York County businessman and conservative Republican Scott Wagner said he's heard from the people in York County who say they're ready for a change in politics in Harrisburg. Now, he hopes they're willing to write his name in for the special election March 18 to replace Sen. Mike Waugh. Wagner announced Monday he plans to run as a write-in candidate for the election.
He will run against Democratic nominee Linda Small and Rep. Ron Miller, R-Jacobus, who was chosen by the York County Republican Committee for the ballot.
Wagner, of Spring Garden Township and owner of Penn Waste and KBS Inc. trucking company, said he decided to run as a write-in candidate the same week he withdrew his name from consideration for the committee's nominating convention. Wagner said this came after several community members - Republican and Democrat - said they would be tempted to write Wagner's name instead of voting for one of the two listed candidates.
"People are very disappointed in this whole process," Wagner said.
Wagner was originally one of four candidates in the pool to be chosen by the York County Republican Committee to run on the party's ballot for the special election, which was announced after Waugh resigned to work as the director of the Pennsylvania Farm Show Complex and Expo Center.
But Wagner withdrew his name from consideration less than a week before the voting meeting, saying Republican state leadership's swift-moving schedule was intended to exclude him while giving Miller, the "party favorite," an edge.
Reaction: Miller said he is not surprised Wagner chose to launch the write-in campaign, and said Wagner had mentioned he would do this if he was not named the Republican candidate for the special election.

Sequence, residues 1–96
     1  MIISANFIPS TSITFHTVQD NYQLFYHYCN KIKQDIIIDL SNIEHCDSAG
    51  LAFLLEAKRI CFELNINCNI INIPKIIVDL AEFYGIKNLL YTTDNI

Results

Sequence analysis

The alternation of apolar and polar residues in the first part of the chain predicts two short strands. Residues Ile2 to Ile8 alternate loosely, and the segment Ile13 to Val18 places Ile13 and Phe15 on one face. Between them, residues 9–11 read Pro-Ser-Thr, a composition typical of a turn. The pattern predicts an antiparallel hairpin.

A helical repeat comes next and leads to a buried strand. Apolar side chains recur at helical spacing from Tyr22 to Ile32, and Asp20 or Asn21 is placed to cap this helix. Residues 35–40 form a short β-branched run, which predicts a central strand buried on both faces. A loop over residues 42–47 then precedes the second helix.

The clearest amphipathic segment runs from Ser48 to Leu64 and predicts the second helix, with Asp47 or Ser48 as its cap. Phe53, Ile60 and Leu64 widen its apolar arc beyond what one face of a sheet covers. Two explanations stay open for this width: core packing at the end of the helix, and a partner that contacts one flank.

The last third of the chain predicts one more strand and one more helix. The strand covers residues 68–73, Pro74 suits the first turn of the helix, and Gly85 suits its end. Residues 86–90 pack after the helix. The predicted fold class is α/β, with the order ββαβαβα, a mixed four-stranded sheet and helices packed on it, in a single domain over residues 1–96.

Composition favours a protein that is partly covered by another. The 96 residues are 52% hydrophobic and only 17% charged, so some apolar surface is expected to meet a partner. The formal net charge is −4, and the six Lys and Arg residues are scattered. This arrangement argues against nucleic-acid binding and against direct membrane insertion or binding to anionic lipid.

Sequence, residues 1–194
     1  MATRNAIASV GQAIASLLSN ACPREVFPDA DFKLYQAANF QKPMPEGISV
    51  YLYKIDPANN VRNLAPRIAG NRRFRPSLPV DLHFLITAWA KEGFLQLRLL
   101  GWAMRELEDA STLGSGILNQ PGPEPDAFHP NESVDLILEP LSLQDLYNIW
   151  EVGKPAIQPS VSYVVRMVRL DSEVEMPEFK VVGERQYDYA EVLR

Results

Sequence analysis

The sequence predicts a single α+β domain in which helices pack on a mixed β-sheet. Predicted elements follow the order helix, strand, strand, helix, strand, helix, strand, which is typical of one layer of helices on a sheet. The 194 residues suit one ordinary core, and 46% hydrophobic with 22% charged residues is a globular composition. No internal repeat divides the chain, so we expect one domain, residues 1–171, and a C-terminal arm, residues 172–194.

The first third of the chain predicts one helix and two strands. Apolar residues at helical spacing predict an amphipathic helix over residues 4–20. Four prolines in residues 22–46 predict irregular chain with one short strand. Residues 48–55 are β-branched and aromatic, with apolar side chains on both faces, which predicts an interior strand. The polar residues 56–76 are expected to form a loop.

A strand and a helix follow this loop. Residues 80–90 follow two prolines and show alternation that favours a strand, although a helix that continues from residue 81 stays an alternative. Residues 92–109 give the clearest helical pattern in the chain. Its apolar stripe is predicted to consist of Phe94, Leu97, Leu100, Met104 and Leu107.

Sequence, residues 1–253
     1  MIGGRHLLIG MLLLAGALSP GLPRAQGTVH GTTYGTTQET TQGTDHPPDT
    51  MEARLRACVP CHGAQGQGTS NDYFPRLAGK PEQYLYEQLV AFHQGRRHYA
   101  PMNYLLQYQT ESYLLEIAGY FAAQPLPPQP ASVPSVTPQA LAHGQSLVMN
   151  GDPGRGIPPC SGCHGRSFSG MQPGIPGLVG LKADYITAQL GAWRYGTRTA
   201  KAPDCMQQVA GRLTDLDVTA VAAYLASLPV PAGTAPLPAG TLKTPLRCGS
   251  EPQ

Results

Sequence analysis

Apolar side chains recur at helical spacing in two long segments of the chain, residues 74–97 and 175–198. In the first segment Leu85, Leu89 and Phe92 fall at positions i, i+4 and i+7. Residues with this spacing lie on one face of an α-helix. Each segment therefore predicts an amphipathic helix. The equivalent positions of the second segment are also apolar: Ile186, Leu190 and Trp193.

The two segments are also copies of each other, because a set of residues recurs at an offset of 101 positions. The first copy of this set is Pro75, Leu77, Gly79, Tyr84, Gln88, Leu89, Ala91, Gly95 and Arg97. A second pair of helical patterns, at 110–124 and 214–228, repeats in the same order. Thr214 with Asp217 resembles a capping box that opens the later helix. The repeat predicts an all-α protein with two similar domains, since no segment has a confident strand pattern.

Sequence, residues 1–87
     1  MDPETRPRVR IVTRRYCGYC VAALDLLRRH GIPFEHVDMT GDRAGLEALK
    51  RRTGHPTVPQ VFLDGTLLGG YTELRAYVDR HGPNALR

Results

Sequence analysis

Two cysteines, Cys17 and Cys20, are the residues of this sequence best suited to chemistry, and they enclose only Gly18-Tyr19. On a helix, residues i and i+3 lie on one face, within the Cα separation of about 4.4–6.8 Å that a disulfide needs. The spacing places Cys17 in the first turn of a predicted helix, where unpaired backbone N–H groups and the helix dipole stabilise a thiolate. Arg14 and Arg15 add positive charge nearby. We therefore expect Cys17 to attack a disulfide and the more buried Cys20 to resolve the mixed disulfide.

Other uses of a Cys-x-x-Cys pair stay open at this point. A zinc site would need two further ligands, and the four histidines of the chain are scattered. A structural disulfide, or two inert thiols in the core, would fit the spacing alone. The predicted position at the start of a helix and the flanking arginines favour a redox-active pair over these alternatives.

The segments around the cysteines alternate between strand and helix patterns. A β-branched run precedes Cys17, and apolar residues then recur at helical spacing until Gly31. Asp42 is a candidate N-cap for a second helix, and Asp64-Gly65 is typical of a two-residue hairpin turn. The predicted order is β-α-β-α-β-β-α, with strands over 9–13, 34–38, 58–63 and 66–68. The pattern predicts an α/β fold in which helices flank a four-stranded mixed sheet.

Miller said Wagner's decision does not affect his own strategy. Instead, Miller is focused on telling voters about his goals for office.
"I have a campaign to run," Miller said. "It's not about Scott, it's about me."
Small said her focus is also on what she will do if elected, not on who is running against her.
"I'm just interested in solving the issues that are important to voters," Small said. She added her goals are to invigorate the work force, increase state funding for public schools and end unsustainable tax increases, among others.
Republican Zack Hearn, who will run against Wagner and Miller in the primary in May, released a response that questioned Wagner's motives for the write-in campaign. Hearn suggested the tactic would split the votes between Wagner and Miller, giving Small a greater chance of winning.
But Wagner said that won't be an issue if his objective is met.
"That's not a concern for me," Wagner said. "My goal is to win the special election."
New efforts: Wagner considers himself an "independent conservative" and has supported tea party candidates who were opposing mainstream Republicans, including Miller, in primary elections.
Wagner's campaign, though still preparing for the primary in May, has shifted to a renewed focus on the special election. Wagner said his campaign has put up a couple dozen billboards around York, encouraging voters to write his name on the ballot at the special election. Television advertising started Monday, and Wagner said the campaign is also investing in radio spots, mailings and web blasts from his website.
Wagner said unlike in the primaries, when party registration matters, Democrats, Independents and Republicans can choose to write his name on the ballot in March.
"This is their chance to make history," Wagner said.
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